Reviews Logo
SearchHomeContents PageSite Map
Flanders
Patricia Anthony
Ace Books, 354 pages

Flanders
Patricia Anthony
Patricia Anthony spent the 1970s travelling as an English professor with her then-husband and two children, working at universities in Brazil and Portugal. Divorced in 1978, she settled in Dallas. There, she worked at The Dallas Morning News for 14 years while trying to get published and she taught creative writing at Southern Methodist University for three years. Her books include Cold Allies (1993), Brother Termite (1993), Conscience of the Beagle (1993), Happy Policeman (1994), Cradle of Splendor (1996), God's Fires (1997), Eating Memory (1997).   Titanic director James Cameron has optioned her second book, Brother Termite, as a possible feature film.

ISFDB Bibliography

Past Feature Reviews
A review by Greg L. Johnson

Advertisement
Patricia Anthony's seventh novel, Flanders, is a gritty, moving look at the reality of trench warfare in World War I. It is also the story of one man's struggle to rise above his own past and the horrors of which he finds himself a part.

Travis Lee Stanhope is a Texan volunteer in the British Army. Escaping a harsh childhood, he attended Harvard Medical School, only to feel so out of place that he sought refuge in the European war. His skill as a sharpshooter makes him a valued soldier, but his straightforward honesty is seen as either cheekiness or outright insubordination by the British officers and his fellow enlisted men. When a young woman is brutally murdered in a nearby village, suspicion falls on Travis Lee.

Flanders is written as a series of letters from Travis Lee to his younger brother Bobby back in Texas. Travis holds nothing back in his descriptions of life at the front, from rats and decaying bodies in the trenches to the pounding of artillery. We follow along as the pressures of the war eventually lead him to alcoholism. At about the same time, he begins to have visions and dreams of a mausoleum and graveyard, a peaceful place where he sees dead companions lingering, and then moving on. These visions offer hope for Travis Lee, and provide Flanders with its heart and soul.

This is a determinedly realistic look at the ugliness of World War I. The characters exhibit all the prejudices and dispositions of their time, and come off as more human for it. They lose control of their bowels during shelling, and sleep wedged into the dirt. They try to do the right thing, and too often fail. They get drunk on leave, and savour every minute away from the front.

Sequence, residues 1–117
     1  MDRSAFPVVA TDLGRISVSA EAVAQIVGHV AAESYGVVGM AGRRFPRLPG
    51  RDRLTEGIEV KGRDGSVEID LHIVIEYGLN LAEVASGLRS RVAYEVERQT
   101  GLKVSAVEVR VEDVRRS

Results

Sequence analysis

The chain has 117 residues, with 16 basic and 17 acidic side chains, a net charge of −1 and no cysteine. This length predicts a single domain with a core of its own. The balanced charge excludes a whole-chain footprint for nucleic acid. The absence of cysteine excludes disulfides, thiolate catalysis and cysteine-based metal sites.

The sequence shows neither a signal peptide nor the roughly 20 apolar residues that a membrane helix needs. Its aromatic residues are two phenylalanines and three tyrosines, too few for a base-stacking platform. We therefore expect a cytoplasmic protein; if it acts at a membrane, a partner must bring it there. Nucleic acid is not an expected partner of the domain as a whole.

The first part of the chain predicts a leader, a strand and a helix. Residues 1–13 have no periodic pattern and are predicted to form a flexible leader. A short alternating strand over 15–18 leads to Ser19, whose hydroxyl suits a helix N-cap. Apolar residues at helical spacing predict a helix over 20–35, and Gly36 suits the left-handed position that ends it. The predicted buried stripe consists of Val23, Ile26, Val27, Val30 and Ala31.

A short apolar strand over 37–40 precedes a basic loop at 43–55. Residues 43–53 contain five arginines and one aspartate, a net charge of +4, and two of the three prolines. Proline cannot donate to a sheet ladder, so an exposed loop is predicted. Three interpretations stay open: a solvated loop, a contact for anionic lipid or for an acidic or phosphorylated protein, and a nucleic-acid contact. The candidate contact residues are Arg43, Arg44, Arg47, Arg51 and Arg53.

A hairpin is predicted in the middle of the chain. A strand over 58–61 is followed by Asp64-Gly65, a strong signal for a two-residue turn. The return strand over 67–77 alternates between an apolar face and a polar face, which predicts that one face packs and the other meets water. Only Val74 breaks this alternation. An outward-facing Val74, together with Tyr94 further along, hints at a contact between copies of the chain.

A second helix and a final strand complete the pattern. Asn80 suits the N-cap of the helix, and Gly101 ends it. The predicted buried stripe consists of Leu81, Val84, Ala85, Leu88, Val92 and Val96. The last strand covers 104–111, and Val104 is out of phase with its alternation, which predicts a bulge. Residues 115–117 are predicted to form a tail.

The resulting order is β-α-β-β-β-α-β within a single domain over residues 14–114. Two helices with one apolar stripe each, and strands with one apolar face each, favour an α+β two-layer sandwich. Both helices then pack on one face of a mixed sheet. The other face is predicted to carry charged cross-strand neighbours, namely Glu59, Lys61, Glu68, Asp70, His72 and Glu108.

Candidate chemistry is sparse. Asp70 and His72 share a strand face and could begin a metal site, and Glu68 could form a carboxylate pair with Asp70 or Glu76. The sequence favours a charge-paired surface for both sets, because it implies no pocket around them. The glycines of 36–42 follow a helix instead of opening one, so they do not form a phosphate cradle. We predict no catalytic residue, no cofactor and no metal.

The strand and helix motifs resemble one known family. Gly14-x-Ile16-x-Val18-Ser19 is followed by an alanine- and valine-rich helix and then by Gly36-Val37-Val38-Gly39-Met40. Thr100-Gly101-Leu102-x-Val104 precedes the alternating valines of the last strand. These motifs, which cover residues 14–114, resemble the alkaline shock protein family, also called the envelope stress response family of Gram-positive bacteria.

Travis Lee's visions provide a counterpoint both for him and for the reader. The effect is transcendent, providing moments of calm and beauty among the ugliness. Travis becomes more and more concerned with his dreams and how to react to them as the novel continues from Spring to the end of 1916.

As is probably evident by now, this is not a science fiction novel. The only connection to SF is the Ace Science Fiction imprint on the cover, and the author's previous work. Conventional publishing wisdom would suggest that what Anthony is doing here is the equivalent of career suicide. Science fiction readers, they would say, won't read Flanders because it isn't science fiction. Mainstream readers will stay away because the author has been identified with SF. The result would be a book that falls through the cracks, and fails to find an audience.

That would be a shame, because Flanders is a novel well worth reading. Science fiction fans will find all the virtues of her other books here, quietly gripping prose, believable characters, and an ability to find beauty while not shrinking away from the sordid reality of much of human existence. Historical fiction readers new to Patricia Anthony will find a novel that is both true to its time, and timeless in its observations.

Patricia Anthony deserves praise for having the courage to go where her artistic sensibilities lead her. World War I, in the trenches of northern France, is the right time and place for the story of Travis Lee Stanhope. Travis haunts this novel, seeking an end to his pain, the same way his fallen comrades haunt the graveyard. Let's hope this finely-written, engrossing, and important novel finds the wide audience that it deserves.

Copyright © 1998 by Greg L. Johnson

Reviewer Greg L. Johnson lives and reads in Minneapolis, Minnesota, land of many rapidly growing lakes. (It's been a wet Summer.) His reviews also appear in the New York Review of Science Fiction.


SearchContents PageSite MapContact UsCopyright

If you find any errors, typos or other stuff worth mentioning, please send it to editor@sfsite.com.
Copyright © 1996-2014 SF Site All Rights Reserved Worldwide